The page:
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On the subject of important days this month, another event in the Korean calendar that sees a lot less attention now than it once received is 성년의 날 -- the coming of age ceremony held for men and women turning twenty years old. Held every third Monday in May, there are slightly different rituals conducted for each sex. This year the event falls on 18 May, today, although the government has also instituted a program where ceremonies are performed each month rather than once per year.

The KNU Times suggests that the ceremony has been practiced since the days of the Mahan Confederacy (100BCE-300CE) but offers no source to back up the claim. An article from last year's event from Korea.net, meanwhile, reports that the impetus for this event comes from the Goryeo Dynasty (918-1392). More specifically,

The first written record of Korea's coming of age ceremony is found in 965, during King Gwangjong's reign (925-975). It was written at the time that the young crown prince was presented with new grown-up garments to wear. It became a popular custom of the upper class people by the time of the Joseon Dynasty (1392-1910) where social codes were necessary to uphold various family rituals.

From what I can tell the ceremony was initially held once a year and everyone who was turning twenty that year took part. This is also the case with Japan's coming of age ceremony, Seijin shiki; 成人式, although I am by no means an expert on either event. The new monthly offerings are an initiative supported by Seong Youn-ho of the Ministry for Health, Welfare and Family Affairs and take place in a few different locations. This article from the Chosun Ilbo mentions a collaboration between the Seoul Foundation of Women and Family and Sejong Center for the Performing Arts to bring the ceremony to the Namsangol Traditional Folk Village in Seoul. From the JoongAng Daily comes the following quote, that "the national government gives 20 million won ($14,500) per year to regional community centers and schools that hold coming-of-age rituals."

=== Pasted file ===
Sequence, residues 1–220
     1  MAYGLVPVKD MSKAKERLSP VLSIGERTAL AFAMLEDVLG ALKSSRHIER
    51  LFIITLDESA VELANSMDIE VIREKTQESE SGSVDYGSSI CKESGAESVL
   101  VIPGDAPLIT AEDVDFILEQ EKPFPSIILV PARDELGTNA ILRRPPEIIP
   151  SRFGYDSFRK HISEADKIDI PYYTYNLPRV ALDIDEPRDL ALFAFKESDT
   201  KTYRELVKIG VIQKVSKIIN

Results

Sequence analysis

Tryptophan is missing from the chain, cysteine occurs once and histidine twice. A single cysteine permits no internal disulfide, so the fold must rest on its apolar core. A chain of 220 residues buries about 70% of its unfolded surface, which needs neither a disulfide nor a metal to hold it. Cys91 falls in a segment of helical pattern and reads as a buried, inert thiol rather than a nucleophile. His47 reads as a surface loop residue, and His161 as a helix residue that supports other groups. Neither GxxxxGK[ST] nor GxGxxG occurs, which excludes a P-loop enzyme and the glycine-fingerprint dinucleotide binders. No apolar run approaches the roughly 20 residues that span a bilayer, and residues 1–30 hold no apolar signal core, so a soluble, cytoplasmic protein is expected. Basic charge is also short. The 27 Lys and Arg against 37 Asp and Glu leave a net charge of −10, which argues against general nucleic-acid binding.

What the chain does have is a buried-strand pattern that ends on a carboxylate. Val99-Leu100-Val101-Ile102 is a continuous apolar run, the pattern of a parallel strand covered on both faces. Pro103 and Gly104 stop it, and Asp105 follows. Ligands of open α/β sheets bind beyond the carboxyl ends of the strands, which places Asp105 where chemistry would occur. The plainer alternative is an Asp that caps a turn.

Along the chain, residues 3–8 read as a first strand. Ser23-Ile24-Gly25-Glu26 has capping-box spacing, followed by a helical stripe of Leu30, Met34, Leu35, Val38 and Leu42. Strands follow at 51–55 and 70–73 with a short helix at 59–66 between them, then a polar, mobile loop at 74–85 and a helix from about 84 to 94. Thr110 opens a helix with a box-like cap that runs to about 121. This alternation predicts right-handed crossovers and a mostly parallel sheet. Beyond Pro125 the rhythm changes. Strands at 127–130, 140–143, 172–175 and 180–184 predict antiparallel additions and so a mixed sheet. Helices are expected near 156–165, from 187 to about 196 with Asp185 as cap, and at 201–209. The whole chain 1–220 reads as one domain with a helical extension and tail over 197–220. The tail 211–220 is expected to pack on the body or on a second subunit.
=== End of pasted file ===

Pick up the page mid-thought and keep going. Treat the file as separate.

The ceremony itself is broken up into several parts for both men and women. Special garments are added at each stage to signify the procession of steps, with men tying their hair into topknots and wearing a gat (갓; a cylindrical hat made from horse hair) while women were adorned with a binyeo hairpin (비녀). An interesting quote about the hairpin comes from the previously-cited JoongAng Daily piece and respondent Choi Jee-hyun:

“Honestly speaking, friends my age don’t care much about tradition,” Choi said. “For example, we hardly wear hanbok [traditional Korean clothes] anymore.” For Choi, the ceremony was important because she had to endure something physically painful. “It hurt when a binyeo [hairpin] was put in my hair, but I realized I had to put up with this kind of pain to truly become an adult,” she said.

The next part of the ceremony involves drinking - for men it's their first sip of wine; for women it's tea - and assuming a pen name meant to embody an aspect of Confucian virtue. Unfortunately, there's also some conflicting information out there concerning some of the details of the ceremony. Most of the photos I've seen online indicate that women wear a green jeogori (저고리; the upper part of a hanbok) and red chima (치마; the lower, skirt portion). However, Food in Korea offers that the jeogori should be yellow. Oh well. Like I said above, I'm no expert.